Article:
Abstract：The Organization of Petroleum Exporting Countries and its allies (OPEC+) continued to boost its output on Wednesday by 400,000 barrels per day (bpd), despite the fact that several of its members, notably Nigeria, failed to meet their monthly supply targets in December.
The Organization of Petroleum Exporting Countries and its allies (OPEC+) continued to boost its output on Wednesday by 400,000 barrels per day (bpd), despite the fact that several of its members, notably Nigeria, failed to meet their monthly supply targets in December.
The shortest OPEC meeting in history ended in roughly 16 minutes, with the group sticking to its aim to boost market supplies by 400,000 bpd per month. Over the past 12 months, the cost of Brent crude oil has increased by nearly 58%. After hearing the news, the price of crude oil rose to a seven-year high of $90 a barrel before partially reversing course and trading at $89.02 yesterday.
Nigeria, Angola, Equatorial Guinea, and Congo, members of OPEC from Africa, have not met their goals for crude oil production, placing the burden of resuming supplies on Saudi Arabia, the United Arab Emirates, Iraq, and Kuwait, members of the Gulf Cooperation Council.
According to economists, using conventional drone technology along with unconventional strategies might help Nigeria protect some 400,000 barrels of crude oil every day.
According to a release, the experts recently spoke during a breakfast session hosted by the Lagos Business School.
The statement went on to say that Nigeria will gain from macroeconomic, fiscal, and foreign exchange benefits that would all strengthen the naira and add to the country's external reserves, despite the fact that the local currency had fallen to N710/$ in the black market.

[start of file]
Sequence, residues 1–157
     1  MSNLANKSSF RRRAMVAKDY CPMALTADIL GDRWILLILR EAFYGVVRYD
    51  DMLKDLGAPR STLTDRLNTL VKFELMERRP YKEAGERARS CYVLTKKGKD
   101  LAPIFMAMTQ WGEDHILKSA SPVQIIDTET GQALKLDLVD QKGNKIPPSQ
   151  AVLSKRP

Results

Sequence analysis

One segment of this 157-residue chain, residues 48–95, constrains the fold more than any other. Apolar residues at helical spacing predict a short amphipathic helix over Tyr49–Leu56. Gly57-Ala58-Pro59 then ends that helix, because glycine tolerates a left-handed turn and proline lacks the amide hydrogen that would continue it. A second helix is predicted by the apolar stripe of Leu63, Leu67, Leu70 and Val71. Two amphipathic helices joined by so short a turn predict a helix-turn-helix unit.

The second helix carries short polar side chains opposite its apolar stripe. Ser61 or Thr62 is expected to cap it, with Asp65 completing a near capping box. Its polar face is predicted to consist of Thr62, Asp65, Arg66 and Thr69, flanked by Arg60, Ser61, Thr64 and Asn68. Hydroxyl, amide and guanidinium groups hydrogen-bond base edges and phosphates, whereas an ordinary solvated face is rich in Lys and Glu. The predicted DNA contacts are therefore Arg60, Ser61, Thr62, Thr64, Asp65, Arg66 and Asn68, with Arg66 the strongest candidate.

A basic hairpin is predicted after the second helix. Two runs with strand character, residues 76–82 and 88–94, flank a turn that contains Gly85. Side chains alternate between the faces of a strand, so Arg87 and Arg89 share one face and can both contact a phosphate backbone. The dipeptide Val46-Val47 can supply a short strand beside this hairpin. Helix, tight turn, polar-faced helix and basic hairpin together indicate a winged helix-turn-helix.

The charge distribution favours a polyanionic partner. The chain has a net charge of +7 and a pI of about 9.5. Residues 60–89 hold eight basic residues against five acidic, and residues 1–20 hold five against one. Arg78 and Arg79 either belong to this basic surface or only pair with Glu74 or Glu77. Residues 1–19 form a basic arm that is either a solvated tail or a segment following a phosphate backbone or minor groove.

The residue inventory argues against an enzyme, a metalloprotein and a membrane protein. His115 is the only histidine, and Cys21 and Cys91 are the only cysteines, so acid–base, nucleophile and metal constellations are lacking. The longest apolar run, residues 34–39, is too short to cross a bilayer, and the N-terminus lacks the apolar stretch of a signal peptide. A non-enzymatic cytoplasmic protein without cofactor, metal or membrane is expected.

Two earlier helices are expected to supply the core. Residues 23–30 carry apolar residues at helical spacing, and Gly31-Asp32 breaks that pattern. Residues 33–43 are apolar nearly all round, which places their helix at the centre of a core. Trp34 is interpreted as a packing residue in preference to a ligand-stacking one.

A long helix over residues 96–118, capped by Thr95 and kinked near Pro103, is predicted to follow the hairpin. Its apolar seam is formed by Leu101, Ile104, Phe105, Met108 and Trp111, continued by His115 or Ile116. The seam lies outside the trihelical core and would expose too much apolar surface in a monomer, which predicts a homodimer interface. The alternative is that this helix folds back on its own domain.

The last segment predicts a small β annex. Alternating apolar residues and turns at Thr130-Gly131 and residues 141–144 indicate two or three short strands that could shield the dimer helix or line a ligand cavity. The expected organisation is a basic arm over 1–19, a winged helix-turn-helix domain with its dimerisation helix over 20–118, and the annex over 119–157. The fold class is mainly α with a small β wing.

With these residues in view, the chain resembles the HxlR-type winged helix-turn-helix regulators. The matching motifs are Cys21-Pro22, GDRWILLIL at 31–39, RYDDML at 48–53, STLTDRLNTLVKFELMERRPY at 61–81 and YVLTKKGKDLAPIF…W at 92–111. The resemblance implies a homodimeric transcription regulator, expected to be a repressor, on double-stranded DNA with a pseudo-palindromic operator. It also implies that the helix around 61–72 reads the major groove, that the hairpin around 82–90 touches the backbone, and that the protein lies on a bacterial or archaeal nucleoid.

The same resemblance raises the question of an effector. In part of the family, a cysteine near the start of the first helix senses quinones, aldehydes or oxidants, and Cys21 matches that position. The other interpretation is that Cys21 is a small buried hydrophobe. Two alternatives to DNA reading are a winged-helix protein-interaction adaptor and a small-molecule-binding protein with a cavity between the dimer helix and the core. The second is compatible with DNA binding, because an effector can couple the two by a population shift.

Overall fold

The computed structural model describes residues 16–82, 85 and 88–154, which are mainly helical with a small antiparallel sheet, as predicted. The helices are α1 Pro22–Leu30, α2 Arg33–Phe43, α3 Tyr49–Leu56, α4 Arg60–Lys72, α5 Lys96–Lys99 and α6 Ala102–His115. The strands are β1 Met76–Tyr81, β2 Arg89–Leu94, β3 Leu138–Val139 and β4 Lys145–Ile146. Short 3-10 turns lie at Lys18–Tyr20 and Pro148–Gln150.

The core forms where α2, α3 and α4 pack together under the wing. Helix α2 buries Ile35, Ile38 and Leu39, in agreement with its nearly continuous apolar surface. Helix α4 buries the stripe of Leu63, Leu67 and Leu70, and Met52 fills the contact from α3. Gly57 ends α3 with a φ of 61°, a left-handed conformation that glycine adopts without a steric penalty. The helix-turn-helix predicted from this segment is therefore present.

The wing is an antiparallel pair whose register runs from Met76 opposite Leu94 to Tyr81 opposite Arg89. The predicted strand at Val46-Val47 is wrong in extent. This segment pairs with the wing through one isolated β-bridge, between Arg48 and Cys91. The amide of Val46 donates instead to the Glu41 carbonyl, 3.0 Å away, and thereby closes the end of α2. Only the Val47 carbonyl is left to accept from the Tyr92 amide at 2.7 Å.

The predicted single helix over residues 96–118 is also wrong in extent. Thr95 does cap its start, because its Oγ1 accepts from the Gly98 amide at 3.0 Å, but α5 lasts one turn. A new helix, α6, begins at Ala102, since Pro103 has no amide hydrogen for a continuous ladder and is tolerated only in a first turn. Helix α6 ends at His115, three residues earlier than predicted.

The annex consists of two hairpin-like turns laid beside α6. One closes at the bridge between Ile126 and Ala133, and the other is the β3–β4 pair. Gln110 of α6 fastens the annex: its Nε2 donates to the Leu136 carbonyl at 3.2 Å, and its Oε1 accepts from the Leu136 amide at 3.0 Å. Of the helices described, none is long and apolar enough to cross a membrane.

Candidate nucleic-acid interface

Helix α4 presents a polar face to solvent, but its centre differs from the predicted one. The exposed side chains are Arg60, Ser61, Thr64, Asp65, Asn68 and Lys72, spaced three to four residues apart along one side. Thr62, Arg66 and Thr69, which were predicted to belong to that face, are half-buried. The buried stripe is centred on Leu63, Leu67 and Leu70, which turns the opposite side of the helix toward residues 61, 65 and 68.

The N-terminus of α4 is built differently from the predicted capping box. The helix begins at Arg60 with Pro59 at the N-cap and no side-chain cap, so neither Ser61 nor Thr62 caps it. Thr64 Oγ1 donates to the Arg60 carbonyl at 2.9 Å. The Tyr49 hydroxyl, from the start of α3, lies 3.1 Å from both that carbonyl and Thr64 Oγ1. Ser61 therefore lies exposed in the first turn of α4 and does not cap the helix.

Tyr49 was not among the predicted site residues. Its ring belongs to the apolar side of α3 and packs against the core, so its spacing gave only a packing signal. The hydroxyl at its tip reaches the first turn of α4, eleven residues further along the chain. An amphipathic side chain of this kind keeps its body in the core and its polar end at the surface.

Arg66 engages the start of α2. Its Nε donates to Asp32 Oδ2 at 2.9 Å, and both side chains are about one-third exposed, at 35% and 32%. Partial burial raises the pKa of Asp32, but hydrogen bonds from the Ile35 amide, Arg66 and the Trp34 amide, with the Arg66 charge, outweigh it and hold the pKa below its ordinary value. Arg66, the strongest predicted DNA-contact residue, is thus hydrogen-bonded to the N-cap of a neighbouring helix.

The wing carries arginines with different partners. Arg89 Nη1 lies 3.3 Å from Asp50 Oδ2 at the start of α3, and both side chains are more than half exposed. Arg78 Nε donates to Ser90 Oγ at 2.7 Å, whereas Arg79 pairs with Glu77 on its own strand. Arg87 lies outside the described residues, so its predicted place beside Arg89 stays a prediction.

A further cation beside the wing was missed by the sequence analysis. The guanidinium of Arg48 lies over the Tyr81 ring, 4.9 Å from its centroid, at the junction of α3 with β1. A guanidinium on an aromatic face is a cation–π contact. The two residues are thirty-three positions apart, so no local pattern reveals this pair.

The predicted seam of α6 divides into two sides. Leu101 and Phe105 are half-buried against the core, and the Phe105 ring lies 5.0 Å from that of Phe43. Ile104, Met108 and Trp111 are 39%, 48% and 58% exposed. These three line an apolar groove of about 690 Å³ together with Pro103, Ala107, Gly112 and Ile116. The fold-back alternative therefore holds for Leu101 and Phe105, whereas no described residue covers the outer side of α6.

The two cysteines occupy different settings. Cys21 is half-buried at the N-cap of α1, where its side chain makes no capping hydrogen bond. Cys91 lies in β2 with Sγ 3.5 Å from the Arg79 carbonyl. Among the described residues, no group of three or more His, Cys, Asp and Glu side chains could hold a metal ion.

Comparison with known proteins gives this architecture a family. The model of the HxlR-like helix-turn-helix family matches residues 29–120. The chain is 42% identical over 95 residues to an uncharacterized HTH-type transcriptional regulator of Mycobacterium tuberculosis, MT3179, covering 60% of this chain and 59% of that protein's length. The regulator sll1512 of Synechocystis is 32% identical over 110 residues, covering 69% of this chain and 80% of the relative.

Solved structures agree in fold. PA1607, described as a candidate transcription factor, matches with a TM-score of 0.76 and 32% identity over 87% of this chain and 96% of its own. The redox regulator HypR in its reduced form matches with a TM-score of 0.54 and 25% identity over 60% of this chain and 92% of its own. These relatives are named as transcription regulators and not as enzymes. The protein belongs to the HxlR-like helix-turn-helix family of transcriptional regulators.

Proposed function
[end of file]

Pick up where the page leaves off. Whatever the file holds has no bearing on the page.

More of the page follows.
According to the statement's citation of Bismark Riwane, the Chief Executive Officer of Financial Derivatives Company, the naira was likely to cease depreciating shortly and start appreciating around N670–N680/$ in October with the gradual adjustment of the official Investors & Exporters rate (N431/$).
There is a glimmer of optimism for the economy, but only if some policy measures are implemented right away, according to the statement. One of these is guarding the oil pipelines, which Nigeria loses monthly to the tune of about $1.3 billion. Approximately 400,000 bpd of crude oil might be safeguarded using a combination of traditional drone technology and unconventional strategies (the Tom Polo project).
Nigeria will receive macroeconomic, fiscal, and foreign exchange benefits that will all strengthen the naira and add to external reserves. The parallel market Naira has once more declined below N710/$. The good news is that the Naira is likely to stop bleeding very soon and start to appreciate toward N670 or N680/$ in October with the slow and steady adjustment of the official I&E rate (N431/$).
The announcement claimed that Nigerian inflation needed to moderate noticeably in the fourth quarter of 2022.
We anticipate a discernible decrease in Nigerian inflation in Q4 2022 because exchange rate pass-through to domestic prices is a major factor contributing to the country's spiraling inflation (17.5percent).
Additionally, we anticipate that, despite being lower than Q2, gross domestic profit growth in Q3 will be favorable (3.54percent). When these ambiguities and the next election are taken into account, the economy might start to slowly recover before Christmas.
Nigerians are caught between fear, optimism, and doom with fewer than 160 days to the general election. Not many of them are hoping that 2023 February will be Uhuru (i.e. independence & wealth), but may be a fresh beginning.
The election will either be a vote of discontent or a referendum on the economy, depending on how quickly the Nigerian economy bounces back from its current situation. According to the statement, Nigeria is not the only African nation dealing with issues like skyrocketing inflation (19.7%), a weak currency (710/$), oil theft, and significant unemployment.
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